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Thread: The Linux Kernel Power Issues Continues To Bite Users

  1. #11

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    Quote Originally Posted by ioannis View Post
    Michael,

    Do you have any results on older kernels, like 2.6.24 for instance. This was the kernel on Hardy Haron 8.04 and also the one used by WebOS until now (recently switched to 2.6.29).

    Why? Just curious
    http://www.phoronix.com/vr.php?view=15943 plus more coming...

  2. #12
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    Quote Originally Posted by johnc View Post
    Is this bug eventually going to find its way into Android smartphones and tablets or is the kernel over there so far branched off the main path that it'd be unlikely to pick up this problem?
    Android is still using 2.6.32 as far as I'm aware. 2.6.32 has a special place in a lot of big business' hearts. It just so happens that basically all the big players in the Linux ecosystem have at least one high-dollar product that is sitting on 2.6.32 with no sign of moving:

    RHEL: 2.6.32 (with a few sensible backports from 2.6.37)
    Ubuntu 10.04 LTS: 2.6.32
    Android 2.2/2.3: 2.6.32 (plus a tremendous amount of Android-specific work)
    Debian Stable: 2.6.32
    SUSE Enterprise 11 SP1: 2.6.32
    MeeGo: OK, they're using 2.6.37 in their git repo, but that doesn't mean 2.6.32 won't get picked up for product releases...


    Since 2.6.32 preceded this power regression, I don't think the big enterprise customers really care at this point. Sure, it affects the enthusiast distros like Fedora, but the money making product (RHEL) isn't affected. Same with Android. You can go to a Verizon or AT&T store today and buy a top of the line Android phone, and it'll be running a heavily hacked 2.6.32.

    Honestly, I'm more worried that we might start to see a very significant divergence in the kernel development community. The enterprise / embedded guys might decide they want to stick with 2.6.32 indefinitely, and just keep patching it until it looks nothing like vanilla 2.6.32, and is completely unmergeable between their fork and upstream. There's definitely a large enough pool of developers chasing money-making products built off of 2.6.32, and we are starting to see a decline in significant contributions to kernel upstream.

    Ever wonder why Linus keeps enjoying an "uneventful RC"? I want them to be eventful. Submit huge patches! Contribute big features! We want them! But sadly, it isn't happening lately. Even the merges during the merge window are becoming more and more conservative.

  3. #13
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    Quote Originally Posted by Michael View Post
    Thanks Michael!

  4. #14
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    @Michael
    Have you found both of the regressions, then, or just one of them?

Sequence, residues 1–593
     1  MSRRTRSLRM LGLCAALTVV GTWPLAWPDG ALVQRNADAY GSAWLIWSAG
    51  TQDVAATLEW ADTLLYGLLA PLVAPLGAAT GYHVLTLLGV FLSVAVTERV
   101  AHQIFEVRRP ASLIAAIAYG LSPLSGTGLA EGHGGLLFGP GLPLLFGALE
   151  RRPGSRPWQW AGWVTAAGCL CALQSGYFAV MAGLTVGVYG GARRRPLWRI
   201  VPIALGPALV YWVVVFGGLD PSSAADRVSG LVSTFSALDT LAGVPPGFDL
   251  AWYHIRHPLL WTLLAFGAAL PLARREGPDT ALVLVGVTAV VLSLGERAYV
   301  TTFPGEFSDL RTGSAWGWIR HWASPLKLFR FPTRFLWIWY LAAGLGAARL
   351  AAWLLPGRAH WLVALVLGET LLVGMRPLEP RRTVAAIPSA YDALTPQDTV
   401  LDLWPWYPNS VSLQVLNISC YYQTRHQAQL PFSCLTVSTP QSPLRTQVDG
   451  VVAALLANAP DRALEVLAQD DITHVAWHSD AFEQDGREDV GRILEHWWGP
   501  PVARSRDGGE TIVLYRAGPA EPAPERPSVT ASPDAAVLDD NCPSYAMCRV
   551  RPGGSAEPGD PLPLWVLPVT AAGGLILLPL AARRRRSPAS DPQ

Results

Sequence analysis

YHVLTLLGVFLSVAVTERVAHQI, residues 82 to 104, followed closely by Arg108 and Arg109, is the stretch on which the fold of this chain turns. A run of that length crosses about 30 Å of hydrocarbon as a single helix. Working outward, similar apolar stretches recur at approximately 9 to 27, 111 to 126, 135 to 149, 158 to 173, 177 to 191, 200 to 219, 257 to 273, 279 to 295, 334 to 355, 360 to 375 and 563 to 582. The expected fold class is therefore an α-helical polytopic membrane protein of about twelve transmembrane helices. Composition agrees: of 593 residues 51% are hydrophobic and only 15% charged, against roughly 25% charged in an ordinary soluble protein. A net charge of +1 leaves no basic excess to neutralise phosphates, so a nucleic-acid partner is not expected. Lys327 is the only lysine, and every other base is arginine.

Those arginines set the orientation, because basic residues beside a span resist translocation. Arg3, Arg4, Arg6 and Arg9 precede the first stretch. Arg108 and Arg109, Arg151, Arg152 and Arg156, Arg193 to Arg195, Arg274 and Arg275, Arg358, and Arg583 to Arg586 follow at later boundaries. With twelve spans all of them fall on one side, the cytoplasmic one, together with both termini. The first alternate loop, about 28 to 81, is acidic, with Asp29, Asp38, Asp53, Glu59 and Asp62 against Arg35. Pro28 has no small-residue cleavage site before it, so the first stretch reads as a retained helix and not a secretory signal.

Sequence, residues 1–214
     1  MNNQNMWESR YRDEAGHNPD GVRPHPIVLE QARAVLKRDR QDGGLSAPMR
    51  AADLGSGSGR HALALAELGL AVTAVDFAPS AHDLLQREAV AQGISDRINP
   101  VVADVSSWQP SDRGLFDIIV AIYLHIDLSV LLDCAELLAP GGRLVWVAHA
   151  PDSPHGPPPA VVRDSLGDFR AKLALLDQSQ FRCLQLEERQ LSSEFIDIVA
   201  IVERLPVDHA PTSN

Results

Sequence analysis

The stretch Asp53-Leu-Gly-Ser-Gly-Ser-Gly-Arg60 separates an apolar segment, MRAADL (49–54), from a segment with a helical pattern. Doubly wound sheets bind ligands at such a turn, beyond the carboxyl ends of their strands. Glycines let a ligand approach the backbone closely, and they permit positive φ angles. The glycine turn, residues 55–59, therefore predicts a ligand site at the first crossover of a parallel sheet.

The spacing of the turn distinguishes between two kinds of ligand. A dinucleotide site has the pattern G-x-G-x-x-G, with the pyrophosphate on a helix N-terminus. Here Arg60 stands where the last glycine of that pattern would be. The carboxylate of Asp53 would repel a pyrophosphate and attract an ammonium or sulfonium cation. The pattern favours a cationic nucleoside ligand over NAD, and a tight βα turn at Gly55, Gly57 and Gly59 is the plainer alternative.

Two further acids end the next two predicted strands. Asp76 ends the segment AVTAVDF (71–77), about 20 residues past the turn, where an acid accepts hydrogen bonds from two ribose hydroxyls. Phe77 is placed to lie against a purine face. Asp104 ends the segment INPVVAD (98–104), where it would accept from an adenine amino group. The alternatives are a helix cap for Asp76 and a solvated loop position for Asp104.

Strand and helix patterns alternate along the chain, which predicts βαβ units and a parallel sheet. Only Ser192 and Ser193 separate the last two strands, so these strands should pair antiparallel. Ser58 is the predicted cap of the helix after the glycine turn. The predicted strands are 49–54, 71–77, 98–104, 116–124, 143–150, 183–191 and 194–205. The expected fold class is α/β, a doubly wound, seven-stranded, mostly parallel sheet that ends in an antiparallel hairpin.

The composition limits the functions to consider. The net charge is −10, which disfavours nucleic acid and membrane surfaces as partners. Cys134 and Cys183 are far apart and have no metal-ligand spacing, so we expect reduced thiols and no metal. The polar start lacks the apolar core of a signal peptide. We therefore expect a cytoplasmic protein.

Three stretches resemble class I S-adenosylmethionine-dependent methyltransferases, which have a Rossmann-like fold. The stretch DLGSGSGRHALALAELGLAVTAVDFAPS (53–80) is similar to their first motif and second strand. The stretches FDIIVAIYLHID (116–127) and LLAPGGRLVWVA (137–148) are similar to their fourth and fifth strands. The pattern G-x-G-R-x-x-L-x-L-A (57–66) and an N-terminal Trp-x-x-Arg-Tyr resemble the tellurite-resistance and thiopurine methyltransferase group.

Also, will the fix be something that could be tacked into Linux 3.0, or is it large enough we'll probably have to wait for 3.1?

  5. #15
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    /me guesses kms output polling or intel idle driver ;-)

    though hopefully its something less complicated like VFS lookups or cgroups.

  6. #16
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    Quote Originally Posted by allquixotic View Post
    Honestly, I'm more worried that we might start to see a very significant divergence in the kernel development community. The enterprise / embedded guys might decide they want to stick with 2.6.32 indefinitely, and just keep patching it until it looks nothing like vanilla 2.6.32, and is completely unmergeable between their fork and upstream. There's definitely a large enough pool of developers chasing money-making products built off of 2.6.32, and we are starting to see a decline in significant contributions to kernel upstream.
    Honestly, I haven't noticed any of that. Stable distros have always been lagging behind. They currently use 2.6.32 because that was the most stable version during the time they started stabilizing for release.

    IF I remember correctly:

    Debian 5 uses 2.6.26 (also 2.6.31 was made available optionally)
    Debian 6 uses 2.6.32
    Next Debian will apparently use 2.6.38 (the version currently in testing)

    OpenWRT-git recently switched to 2.6.37 from 2.6.32

    Nobody knows what Google does, but at least the normal distros will switch to 2.6.37+ soon.

  7. #17

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    It must be Linus's bitcoin maker.

  8. #18
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    Quote Originally Posted by AnonymousCoward View Post
    It must be Linus's bitcoin maker.
    LOL... but why not?? a bitcoin maker to support opensource! thats cool

  9. #19
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    Thanks for your work on this Michael.

  10. #20

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    Android 2.2 uses 2.6.32. Android 2.3 uses 2.6.35. Some custom kernels for AOSP ROMs are as new as 2.6.38, however. I am using a 2.6.38 kernel on my Droid Incredible, and its battery life is better than it was with 2.6.37, and many other users have said the same thing. Perhaps the battery life issue does not affect ARM?

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